Ashghal completes 'cool paving' pilot road project
August 19 2019 11:43 PM
Cryogenic asphalt material has been piloted on a stretch of Abdullah bin Jassim Street near Souq Waq
Cryogenic asphalt material has been piloted on a stretch of Abdullah bin Jassim Street near Souq Waqif


* Road next to Souq Waqif turns blue as part of experiment
* Project to be under study for 18 months

The Public Works Authority (Ashghal) on Monday completed the implementation of the pilot "cool pavement project", which involves the use of a substance that brings down the asphalt temperature on roads.

The cryogenic asphalt material has been piloted on parts of the vehicular lanes on Abdullah bin Jassim Street next to Souq Waqif, measuring up to 200m, Ashghal has said in a statement. The stretch where the material has been used is blue in colour, as opposed to the conventional black.

Besides, the material has also been tested on 200m of pedestrian and bicycle lanes in front of Katara - the Cultural Village.

Ashghal said the project will be under study for 18 months and, based on the outcome, its success and wider applicability will be determined. For this, sensors and special devices have been installed along Abdullah bin Jassim Street to measure the effectiveness of the material in reducing asphalt temperature and comparing it to conventional asphalt.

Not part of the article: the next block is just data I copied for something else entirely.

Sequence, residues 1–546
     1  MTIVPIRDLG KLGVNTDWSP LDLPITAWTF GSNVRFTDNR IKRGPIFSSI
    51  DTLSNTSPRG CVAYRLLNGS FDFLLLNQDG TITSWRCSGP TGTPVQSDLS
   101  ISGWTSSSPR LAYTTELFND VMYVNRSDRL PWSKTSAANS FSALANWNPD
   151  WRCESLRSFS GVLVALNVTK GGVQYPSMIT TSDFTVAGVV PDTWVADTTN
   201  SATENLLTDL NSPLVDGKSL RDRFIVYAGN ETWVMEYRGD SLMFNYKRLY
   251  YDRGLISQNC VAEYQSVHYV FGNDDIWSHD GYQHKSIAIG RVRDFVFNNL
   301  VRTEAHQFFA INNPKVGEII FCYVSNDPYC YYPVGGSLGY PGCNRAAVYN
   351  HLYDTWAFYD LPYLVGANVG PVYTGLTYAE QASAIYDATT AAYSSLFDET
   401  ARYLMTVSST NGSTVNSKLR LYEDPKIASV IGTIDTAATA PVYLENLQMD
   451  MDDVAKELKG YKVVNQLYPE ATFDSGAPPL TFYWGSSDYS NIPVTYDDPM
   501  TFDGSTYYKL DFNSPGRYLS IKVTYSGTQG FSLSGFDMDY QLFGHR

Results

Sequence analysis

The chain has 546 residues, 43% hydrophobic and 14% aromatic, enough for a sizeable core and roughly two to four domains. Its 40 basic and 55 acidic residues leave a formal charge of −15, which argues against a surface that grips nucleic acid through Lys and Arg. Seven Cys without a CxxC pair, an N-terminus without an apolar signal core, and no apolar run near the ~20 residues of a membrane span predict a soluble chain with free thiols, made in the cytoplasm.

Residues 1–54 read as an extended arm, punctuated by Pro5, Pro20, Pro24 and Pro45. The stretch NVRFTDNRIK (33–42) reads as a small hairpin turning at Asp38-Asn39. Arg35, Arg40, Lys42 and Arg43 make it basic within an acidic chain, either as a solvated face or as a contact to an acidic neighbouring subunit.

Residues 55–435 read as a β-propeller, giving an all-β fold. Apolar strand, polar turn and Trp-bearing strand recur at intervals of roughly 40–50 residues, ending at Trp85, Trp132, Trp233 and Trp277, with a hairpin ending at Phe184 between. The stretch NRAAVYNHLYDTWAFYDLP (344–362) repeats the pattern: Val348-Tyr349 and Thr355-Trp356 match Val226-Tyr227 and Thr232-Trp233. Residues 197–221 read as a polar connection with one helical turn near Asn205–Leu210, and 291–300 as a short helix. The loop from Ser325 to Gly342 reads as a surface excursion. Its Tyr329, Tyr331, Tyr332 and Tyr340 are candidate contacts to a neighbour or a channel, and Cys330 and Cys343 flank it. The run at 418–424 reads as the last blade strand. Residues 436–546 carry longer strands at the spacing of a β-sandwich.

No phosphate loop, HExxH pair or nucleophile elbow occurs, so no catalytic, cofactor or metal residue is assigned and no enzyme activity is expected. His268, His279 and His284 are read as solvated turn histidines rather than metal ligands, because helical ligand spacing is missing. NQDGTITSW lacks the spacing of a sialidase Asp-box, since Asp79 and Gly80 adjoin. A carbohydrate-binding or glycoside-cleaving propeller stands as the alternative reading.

The road has been opened to traffic to test the effectiveness of the material and determine the success of the experiment along with its possible formal application on the road network in Qatar. The sensor readings will be compared for the two types of surface - cooled and normal asphalt - after the 18-month period to determine the course of action.

The pilot project has been carried out in co-operation with Japan's Oriental Company, which is considered one of the leading firms in the implementation of the new technology.

Unlike conventional asphalt, which contributes to an increase in road temperature by absorbing up to 80% to 95% of sunlight, the "cool pavement" technology reflects UV rays and absorbs solar radiation to a lesser extent, Ashghal has explained, noting that it can have a positive effect on overall temperature reduction.

A number of developed countries, including the US, have adopted this innovation in an effort to reduce high temperatures in the atmosphere, bring down emissions and other air pollutants and thereby conserve the environment, the statement notes.

The technology also helps reduce vehicle tyre friction and extend the road life. "A protective material has been set for the ground marks to protect them from contact with vehicles and to increase their age," Ashghal said.

Ashghal stressed the technology is closely related to energy efficiency. Findings of research in the field of environment and sustainability suggest that the use of "cool pavement" can reduce overall temperature and reduce emissions. Research also suggests that cool paving material reduces heat-related illnesses, slows smog formation, enhances pedestrian ability to use the road and promotes traffic safety as light-coloured road paving reflects streetlights and car lights, making vehicles more easily visible to motorists.

By lowering the air temperature in residential areas, "cool pavement" can slow chemical reactions in the atmosphere that cause smog, the statement adds.

Cool paving material can be made from traditional paving materials such as concrete. The new coating of the concrete asphalt layer that reflects about 50% of sunlight consists of four layers of the primary layer followed by three consecutive layers that reduce heat absorbed by solar radiation.

Last updated: August 20 2019 12:02 AM

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